How Not to Join the Hells Angels…
…or the importance of personal appearance.
Some years ago a good friend of mine successfully applied for a job with the Essex Chapter of the Hells Angels. He did this despite not meeting any of their normal entry requirements:
- A heavily customised chopper (Harley Davidson)
- An ornate but slightly tired biking jacket
- Extensive yet artistic tatoos
- Body piercings in interesting places
- Passing a tough and possibly illegal initiation ritual
No, he wasn’t applying to become their bookkeeper. He’s a talented musician who at that point was in the Roy Wood Band, an excellent ’60s group much revered by Hells Angels (UK). He got the gig!
My point is simple. If you are serious about future proofing your career, you need to take a good hard look at your personal impact – how you come across at a first meeting with a prospective employer or client.
Be honest. How do you really come across when someone meets you for the first time – do you have any idea? First impressions are by their nature instant and you don’t get a second chance to make them. As Darwin pointed out, life is unfair. So how do you survive in the modern workplace?
Whenever we seek a full-time or part-time role we are taking a gamble. Should we match our client’s appearance or should we make a point by standing out? It’s your call…
The dress code of the large consulting firms is clear. Staff need to match client appearance so that an external observer cannot tell the difference between consultant and client. This reassures the client, i.e. “Hey, this guy is one of us”.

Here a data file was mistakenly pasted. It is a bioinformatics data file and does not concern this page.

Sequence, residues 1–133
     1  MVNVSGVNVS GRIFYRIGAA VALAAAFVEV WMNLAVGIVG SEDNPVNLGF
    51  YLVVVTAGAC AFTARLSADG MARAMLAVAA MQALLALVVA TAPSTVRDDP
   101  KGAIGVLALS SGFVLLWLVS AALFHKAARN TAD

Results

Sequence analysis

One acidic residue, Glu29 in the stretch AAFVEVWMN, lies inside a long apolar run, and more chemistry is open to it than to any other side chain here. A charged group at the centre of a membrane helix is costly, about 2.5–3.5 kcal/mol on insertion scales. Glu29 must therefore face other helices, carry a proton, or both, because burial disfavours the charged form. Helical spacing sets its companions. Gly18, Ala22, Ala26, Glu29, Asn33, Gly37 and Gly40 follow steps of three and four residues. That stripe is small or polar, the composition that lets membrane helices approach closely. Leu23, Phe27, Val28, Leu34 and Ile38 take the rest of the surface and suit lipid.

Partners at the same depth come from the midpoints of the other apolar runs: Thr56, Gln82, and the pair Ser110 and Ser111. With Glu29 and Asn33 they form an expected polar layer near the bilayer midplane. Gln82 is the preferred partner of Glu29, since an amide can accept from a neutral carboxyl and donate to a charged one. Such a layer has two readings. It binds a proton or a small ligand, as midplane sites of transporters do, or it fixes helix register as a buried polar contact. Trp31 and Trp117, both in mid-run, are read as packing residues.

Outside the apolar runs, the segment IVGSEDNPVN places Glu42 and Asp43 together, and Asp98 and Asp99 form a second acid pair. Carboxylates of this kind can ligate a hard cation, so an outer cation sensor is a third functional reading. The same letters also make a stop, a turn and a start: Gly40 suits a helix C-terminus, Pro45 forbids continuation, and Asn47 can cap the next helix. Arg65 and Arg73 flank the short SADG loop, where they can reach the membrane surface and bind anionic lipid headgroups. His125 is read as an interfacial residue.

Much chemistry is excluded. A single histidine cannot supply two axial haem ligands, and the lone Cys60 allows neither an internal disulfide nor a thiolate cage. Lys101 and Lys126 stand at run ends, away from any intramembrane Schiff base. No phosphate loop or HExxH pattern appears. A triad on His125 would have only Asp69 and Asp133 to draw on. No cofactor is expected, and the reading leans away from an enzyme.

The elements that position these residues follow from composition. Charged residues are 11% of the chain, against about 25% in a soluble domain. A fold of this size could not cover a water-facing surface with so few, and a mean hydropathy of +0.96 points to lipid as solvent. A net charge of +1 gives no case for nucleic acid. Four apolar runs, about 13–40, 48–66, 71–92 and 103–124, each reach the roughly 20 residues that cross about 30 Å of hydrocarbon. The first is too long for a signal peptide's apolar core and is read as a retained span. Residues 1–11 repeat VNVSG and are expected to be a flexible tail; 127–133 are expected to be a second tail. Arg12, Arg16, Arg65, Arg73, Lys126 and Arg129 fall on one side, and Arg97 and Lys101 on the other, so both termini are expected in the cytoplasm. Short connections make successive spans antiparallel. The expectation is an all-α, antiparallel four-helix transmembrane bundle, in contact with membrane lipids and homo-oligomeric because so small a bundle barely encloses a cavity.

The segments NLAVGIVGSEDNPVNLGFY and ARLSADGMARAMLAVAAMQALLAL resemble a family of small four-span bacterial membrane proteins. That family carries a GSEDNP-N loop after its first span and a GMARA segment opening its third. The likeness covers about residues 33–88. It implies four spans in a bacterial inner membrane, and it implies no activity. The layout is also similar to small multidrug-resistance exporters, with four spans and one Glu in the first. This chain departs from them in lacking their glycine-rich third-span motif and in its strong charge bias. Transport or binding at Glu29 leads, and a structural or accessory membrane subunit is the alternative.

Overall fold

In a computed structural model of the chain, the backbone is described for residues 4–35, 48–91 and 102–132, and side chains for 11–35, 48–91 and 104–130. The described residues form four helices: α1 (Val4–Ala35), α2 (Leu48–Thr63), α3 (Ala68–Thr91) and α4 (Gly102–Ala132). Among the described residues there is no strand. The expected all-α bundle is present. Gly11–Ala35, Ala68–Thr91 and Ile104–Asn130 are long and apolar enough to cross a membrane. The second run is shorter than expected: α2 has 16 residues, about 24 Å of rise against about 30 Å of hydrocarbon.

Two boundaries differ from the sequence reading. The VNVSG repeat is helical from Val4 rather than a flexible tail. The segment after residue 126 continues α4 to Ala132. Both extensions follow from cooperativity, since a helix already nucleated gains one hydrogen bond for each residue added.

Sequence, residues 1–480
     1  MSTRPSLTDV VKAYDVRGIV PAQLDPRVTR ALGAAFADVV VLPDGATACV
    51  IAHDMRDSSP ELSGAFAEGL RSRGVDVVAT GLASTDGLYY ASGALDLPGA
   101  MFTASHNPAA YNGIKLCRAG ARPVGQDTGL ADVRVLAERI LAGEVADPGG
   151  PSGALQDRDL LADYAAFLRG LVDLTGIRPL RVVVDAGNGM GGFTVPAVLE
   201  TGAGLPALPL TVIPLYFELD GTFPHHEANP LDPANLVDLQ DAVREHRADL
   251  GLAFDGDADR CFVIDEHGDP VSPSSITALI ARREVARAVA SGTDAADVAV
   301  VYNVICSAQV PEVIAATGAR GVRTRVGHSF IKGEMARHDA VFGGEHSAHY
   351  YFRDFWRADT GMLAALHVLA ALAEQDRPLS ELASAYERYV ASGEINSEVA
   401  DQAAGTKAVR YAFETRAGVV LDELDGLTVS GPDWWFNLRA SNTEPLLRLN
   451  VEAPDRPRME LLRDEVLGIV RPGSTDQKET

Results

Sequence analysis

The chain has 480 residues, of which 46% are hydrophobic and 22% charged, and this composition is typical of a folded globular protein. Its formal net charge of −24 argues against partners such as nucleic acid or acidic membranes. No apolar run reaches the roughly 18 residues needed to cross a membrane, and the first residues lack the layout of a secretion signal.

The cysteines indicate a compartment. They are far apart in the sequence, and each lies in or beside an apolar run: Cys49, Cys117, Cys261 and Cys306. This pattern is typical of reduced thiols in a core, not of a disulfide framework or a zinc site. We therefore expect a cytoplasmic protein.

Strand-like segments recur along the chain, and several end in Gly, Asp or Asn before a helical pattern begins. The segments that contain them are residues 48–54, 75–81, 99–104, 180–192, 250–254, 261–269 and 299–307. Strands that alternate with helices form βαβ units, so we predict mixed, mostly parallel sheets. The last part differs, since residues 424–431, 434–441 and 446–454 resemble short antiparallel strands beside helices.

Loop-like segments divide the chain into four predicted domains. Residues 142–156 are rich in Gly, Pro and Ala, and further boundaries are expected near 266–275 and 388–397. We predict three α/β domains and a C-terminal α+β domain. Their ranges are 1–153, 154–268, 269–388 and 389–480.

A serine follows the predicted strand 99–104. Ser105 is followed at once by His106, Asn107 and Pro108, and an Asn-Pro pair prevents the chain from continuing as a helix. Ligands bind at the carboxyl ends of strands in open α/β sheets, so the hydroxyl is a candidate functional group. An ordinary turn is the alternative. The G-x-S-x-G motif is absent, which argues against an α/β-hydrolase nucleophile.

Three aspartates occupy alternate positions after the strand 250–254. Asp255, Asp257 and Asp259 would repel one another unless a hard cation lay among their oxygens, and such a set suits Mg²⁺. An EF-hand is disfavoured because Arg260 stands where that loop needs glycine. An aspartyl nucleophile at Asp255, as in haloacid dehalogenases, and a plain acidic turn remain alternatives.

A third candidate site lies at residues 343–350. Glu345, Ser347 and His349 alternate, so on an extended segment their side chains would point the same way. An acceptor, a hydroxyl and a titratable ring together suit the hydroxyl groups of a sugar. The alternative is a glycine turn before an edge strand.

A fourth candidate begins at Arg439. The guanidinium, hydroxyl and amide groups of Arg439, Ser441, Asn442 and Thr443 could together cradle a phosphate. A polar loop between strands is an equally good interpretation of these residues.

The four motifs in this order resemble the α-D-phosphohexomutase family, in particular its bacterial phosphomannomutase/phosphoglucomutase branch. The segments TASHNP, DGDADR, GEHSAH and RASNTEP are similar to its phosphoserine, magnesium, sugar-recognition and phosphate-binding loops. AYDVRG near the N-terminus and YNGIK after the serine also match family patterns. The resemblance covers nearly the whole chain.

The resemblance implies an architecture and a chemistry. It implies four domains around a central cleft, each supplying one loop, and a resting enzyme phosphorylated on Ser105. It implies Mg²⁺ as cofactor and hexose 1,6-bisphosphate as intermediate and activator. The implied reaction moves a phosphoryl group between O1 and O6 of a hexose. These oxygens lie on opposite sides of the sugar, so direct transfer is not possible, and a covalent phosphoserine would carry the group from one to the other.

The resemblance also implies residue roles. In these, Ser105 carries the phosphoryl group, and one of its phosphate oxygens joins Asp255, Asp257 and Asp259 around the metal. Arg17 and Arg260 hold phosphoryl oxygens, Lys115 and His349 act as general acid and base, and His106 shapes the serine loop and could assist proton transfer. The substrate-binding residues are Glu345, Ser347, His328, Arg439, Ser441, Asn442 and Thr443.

However, we are all blind in some respect to our failings in this area. Here are some useful questions we can ask ourselves:
- Is my clothing suitable for the job at hand?
- Are my shoes reasonably clean and in one piece?
- Do I smell of cigarettes or have any other stange niffs?
- Do I have odd hair? (this is the easiest thing to fix)
- Are my front teeth OK? (if not get them fixed)
- What does my jewellery say about me? (women and men)
- Do I have any obvious tattoos?
- Do I really need to flaunt that body piercing I am so proud of?
- Is there anything else about me that might put someone off?
Each of the above is quite a complex subject in its own right which I can’t go into here. For example, take something as simple as a man’s tie. In the UK a tie says a surprising amount about you. For example:
- If the tie clashes, is dated or stained this person lacks judgement
- Does the tie reflect what typical people in my sector wear?
- Windsor Knot – is this guy a toff? All mouth and no trousers?
- What does this tie tell me about the profession of the wearer?
- Nobody wears a tie round here (i.e. safety hazard / uncool)
You may laugh but I have landed consulting contracts on the strength of a tie. I am a chartered engineer and I make a point of putting on my IMechE tie whenever I meet someone I know to be an engineer. We have a laugh about it (most engineers I meet are civil engineers). However, it does give me an opportunity to signal that I am a competent professional who perhaps ought to be listened to. In my field the chances of the same client meeting another chartered engineer are low and this gives me a real edge.
The good news about all this is that most of the above problems are easy to fix. All you need are: two or three smart suits with matching shirts and ties, suitable smart casual wear (my normal ‘uniform’ these days) and several pairs of good quality black shoes. If you build everything else into your daily ritual you are well equipped to make a reasonable first impression.
My conclusion is this. If you want to future proof your career you must ensure that nothing about your appearance puts people off. If there is, the chances are that you won’t notice it and it will cause you an enormous amount of grief, puzzlement and lost income over the years.